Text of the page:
A much more interesting statistic, in my opinion, is the fact that Canadian residents apply for and receive far fewer patents in Canada than the U.S. In 2006, Canadian inventors filed 10,243 U.S. patent applications and were granted 3,743 patents, but filed only 5,348 Canadian patent applications and received 1,495 patents. Obviously, this might be explained by the fact that Canadian inventors believe they can get more bang for their buck in the U.S., where the consumer and venture capital markets are much larger.
Table 1. G8 Patenting Trends, 2000-2007*
Country / Pop. / U.S. Patents
Canada / 33,390,141 / 34,702 France / 60,876,136 / 35,765 Germany / 82,400,996 / 96,102 Italy / 58,147,733 / 16,814 Japan / 127,433,494 / 289,628 Russia / 141,377,752 / 2,318 United Kingdom / 60,776,238 / 38,579 United States / 300,000,000 / 668,807
The State Science and Technology Institute (SSTI), a nonprofit organization that supports economic development through science, technology and innovation, has released a new report showing the ranking in number of patents issued per 100,000 workers for U.S. states and the District of Columbia from 2001-2006.
West coast states improved the most over the five-year period with Washington and Oregon ranked #1 and #2 and California at #4. In the farm belt, Kansas (#4) and Oklahoma (#7) showed strong growth, as did Massachusetts (#3) and Rhode Island (#6) in New England, which has been a hub of innovation for 150 years. Minnesota, Georgia and Colorado rounded out the top ten. Surprisingly, Idaho, which ranked #1 in all five years, had the fouth largest decline (-18.7), dropping from 328.2 patents per 100K workers in 2001 to 266.8 per worker in 2006. Idaho is in no danger of losing its #1 rank anytime soon, thanks to Boise-based Micron Technology, Inc., one of the top-ten patenting companies in the U.S. The Gem State's two closest competitors, California and Vermont mustered only 161.5 and 160.3 patents per worker in 2006.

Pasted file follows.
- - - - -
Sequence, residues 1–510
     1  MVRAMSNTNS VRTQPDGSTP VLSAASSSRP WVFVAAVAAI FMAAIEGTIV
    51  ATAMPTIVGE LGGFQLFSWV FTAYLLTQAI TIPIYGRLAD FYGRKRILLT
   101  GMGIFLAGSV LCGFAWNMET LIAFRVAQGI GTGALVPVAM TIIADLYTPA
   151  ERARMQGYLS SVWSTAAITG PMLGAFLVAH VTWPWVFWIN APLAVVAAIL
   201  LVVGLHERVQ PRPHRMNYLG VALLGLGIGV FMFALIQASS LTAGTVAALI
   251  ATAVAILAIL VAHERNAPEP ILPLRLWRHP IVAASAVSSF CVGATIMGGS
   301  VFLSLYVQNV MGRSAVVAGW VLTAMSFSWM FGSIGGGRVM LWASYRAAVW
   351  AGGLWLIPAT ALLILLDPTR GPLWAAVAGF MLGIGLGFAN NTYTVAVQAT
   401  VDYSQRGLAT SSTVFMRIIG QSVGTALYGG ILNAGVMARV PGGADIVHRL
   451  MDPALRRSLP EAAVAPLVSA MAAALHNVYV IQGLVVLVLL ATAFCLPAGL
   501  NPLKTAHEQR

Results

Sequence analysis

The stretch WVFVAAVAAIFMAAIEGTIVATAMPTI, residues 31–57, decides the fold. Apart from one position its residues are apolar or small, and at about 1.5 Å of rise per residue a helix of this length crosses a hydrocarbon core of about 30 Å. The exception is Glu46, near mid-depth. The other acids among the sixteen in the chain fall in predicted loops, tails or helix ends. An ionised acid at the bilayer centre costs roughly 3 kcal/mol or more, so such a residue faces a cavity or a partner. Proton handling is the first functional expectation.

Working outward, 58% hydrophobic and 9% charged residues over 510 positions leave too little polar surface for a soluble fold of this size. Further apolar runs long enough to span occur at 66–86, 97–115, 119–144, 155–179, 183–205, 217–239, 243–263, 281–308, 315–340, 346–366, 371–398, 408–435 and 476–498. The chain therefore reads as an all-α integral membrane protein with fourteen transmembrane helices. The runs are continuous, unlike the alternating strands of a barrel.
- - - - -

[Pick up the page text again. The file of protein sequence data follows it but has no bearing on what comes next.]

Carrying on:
The EPO is conducting a survey on a proposed improvement to esp@cenet scheduled for 2008. Specifically, they're asking for feedback on the usefulness of exporting data in CSV or XML formats.
Currently, the only patent office database (that I'm aware of) that supports exporting is the German PTO's DEPATISnet. You can download bib data in an Excel spreadsheet from up to 250 records at a time. This is a wonderful development. At my university a number of engineering and business students take entrepreneurship courses that require them to use patent data to identify key companies/innovators, develop market profiles and analyze long-term industry trends. Being able to export data from esp@cenet would save them a lot of time. In my opinion, CSV is more useful than XML, especially for users such as students and private inventors who are not familiar with XML, since it can be easily imported into a spreadsheet for analysis.
The Netherlands Patent Office has announced that it will phase out its six-year patent (C1 document) in 2008. The six-year patent is a weaker form of patent protection than the standard 20-year patent. An application for a six-year patent is automatically registered without a novelty search or examination 18 months after filing. According to the agency's latest annual report, 602 6-year patents and 1,771 20-year patents were granted in 2005. Of all patents granted, over 50 percent went to private inventors and companies of 1-200 employees.